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COVID-19 stress could trigger increase in domestic violence

Posted at 6:44 AM, Mar 24, 2020

PHOENIX — Between job losses and kids being out of school, all of the change surrounding the COVID-19 outbreak can be a trigger for stress. This can cause a troubling ripple-effect including incidents of domestic violence.

The Arizona Coalition to End Sexual & Domestic Violence says it’s already seeing about a 10% increase in calls to the helpline. By the month's end, it expects to respond to at least 138 calls. The average per month is about 120 calls.

Even if there is a dip in numbers, ACESDV says that could be indicative of people assuming everything is closed due to the pandemic. However, the organization is protecting its own workers through telecommuting, and has canceled trainings and events, but their services are still running.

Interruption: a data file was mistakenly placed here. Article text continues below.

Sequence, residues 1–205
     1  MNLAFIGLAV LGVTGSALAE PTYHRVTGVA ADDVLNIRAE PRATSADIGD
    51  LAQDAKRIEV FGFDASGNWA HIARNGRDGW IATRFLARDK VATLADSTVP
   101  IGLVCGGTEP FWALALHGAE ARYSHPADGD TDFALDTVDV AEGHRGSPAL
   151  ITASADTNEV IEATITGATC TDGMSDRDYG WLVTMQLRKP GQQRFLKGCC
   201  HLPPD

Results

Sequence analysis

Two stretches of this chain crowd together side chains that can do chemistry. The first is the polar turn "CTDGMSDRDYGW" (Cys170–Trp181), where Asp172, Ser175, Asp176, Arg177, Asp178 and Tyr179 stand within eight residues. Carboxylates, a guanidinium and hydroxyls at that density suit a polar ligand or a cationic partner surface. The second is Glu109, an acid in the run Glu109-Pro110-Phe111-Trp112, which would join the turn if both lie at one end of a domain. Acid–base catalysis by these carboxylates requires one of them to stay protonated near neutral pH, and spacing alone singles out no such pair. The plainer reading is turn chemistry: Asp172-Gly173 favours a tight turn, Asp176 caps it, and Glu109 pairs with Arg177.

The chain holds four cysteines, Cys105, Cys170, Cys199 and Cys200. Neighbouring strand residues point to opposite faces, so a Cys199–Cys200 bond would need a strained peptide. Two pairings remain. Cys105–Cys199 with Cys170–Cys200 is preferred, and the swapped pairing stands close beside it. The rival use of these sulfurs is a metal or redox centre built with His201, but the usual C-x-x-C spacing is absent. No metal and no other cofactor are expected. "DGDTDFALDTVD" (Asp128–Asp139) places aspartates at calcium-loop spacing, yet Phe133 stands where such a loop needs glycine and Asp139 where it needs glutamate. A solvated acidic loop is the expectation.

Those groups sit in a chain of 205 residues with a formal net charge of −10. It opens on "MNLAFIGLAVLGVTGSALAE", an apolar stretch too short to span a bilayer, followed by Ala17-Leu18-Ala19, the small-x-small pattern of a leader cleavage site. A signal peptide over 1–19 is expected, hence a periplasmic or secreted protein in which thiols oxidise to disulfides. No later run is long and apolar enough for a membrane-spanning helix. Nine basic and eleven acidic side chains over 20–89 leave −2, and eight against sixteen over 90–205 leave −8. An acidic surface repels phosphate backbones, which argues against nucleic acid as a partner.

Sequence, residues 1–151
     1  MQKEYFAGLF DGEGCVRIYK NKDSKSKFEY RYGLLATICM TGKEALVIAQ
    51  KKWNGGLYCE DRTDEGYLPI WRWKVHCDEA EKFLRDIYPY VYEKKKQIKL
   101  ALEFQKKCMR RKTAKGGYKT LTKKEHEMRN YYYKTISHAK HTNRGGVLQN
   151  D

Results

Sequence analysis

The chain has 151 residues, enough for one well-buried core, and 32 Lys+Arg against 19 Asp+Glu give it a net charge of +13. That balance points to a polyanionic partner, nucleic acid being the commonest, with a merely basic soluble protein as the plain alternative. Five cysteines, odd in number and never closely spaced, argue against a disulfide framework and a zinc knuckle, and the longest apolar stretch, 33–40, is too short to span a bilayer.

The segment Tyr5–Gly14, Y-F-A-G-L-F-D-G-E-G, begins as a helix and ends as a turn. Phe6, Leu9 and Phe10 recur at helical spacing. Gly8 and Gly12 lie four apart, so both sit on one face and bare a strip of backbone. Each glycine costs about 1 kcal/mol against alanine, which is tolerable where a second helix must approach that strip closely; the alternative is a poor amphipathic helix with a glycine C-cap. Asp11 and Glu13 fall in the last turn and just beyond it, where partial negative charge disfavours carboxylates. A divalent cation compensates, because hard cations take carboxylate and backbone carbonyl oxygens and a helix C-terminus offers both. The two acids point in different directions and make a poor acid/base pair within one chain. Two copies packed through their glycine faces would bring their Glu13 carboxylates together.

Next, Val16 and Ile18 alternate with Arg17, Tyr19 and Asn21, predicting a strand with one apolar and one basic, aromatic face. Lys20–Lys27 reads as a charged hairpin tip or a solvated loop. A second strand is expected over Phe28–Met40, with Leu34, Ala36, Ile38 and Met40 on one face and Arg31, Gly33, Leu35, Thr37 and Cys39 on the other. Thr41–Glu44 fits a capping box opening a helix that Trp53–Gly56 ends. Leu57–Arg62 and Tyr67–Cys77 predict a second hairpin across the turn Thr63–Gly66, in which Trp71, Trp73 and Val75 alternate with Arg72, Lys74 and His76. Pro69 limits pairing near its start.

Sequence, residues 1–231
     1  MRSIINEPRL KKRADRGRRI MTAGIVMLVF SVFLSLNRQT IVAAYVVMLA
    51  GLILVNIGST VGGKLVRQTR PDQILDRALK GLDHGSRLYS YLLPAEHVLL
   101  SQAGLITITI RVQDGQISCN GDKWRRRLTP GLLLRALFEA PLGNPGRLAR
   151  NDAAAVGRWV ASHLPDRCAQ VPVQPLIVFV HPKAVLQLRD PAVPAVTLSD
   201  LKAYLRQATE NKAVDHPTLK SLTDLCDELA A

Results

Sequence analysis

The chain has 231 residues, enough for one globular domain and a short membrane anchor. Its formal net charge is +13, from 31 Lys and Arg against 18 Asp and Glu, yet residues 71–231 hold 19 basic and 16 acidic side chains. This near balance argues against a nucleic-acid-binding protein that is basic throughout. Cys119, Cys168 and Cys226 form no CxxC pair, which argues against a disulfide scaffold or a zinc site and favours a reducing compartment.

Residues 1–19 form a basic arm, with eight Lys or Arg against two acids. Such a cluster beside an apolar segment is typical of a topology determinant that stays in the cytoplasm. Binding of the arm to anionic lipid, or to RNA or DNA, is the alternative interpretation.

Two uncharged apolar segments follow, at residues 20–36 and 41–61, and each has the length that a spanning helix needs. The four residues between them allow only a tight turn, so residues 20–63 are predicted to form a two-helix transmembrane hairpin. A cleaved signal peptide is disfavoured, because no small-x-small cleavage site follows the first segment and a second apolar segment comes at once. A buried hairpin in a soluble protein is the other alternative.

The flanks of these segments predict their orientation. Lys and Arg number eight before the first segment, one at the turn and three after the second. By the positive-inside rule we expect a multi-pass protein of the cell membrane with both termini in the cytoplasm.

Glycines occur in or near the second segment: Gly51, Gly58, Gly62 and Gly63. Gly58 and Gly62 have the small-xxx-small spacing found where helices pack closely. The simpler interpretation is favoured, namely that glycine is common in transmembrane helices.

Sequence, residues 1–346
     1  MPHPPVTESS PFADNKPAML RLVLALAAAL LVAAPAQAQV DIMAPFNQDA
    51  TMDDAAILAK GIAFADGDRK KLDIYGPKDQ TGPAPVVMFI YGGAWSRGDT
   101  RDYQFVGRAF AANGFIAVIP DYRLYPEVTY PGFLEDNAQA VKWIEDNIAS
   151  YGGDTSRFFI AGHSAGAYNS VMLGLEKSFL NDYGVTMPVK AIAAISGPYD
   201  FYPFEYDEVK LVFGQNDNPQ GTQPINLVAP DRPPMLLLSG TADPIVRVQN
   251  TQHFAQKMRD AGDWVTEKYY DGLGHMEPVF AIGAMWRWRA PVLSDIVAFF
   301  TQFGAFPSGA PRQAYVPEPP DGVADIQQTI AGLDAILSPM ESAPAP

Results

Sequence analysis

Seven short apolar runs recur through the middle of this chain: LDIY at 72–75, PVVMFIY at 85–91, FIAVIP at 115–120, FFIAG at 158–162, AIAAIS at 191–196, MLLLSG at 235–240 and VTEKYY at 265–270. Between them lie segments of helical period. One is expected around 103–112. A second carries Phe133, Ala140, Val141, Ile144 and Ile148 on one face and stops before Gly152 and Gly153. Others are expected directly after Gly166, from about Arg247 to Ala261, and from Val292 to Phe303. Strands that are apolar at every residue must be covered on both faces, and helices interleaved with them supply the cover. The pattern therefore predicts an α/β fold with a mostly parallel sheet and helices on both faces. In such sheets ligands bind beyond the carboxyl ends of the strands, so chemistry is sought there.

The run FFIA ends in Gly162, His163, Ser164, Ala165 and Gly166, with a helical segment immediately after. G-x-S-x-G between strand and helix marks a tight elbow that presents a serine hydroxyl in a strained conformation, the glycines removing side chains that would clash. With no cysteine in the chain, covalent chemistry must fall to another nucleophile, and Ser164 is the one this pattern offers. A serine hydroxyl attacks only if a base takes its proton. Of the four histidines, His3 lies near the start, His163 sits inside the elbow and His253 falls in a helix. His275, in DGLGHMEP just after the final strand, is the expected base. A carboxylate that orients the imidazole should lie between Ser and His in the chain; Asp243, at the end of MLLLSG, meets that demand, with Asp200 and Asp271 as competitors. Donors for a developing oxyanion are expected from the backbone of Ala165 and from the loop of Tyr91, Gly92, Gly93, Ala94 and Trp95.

The helpline is being answered and all of their statewide partners who provide shelter and resources to survivors are open.

Dr. Tasha Menaker is also calling on the community to be more aware of the difference between someone isolating for their health and being cut off from contact because of violence in the home.

"It's important at this time for loved ones, friends, neighbors and the community to be mindful and watchful if they're seeing anything they're concerned about... and make sure they're reaching out if they feel like someone may be harmed at home and letting them know there are resources available,” said Dr. Menaker.

If you or someone you know needs help, call 602-279-2980, or you can message a support worker via the website and they’re able to respond in English and Spanish.

Another way to take action is to donate supplies that support programs that help survivors. Many have had trouble getting access to wipes, diapers, paper towels and other essential items. You'll find a links to programs taking donations on the ACESDV website.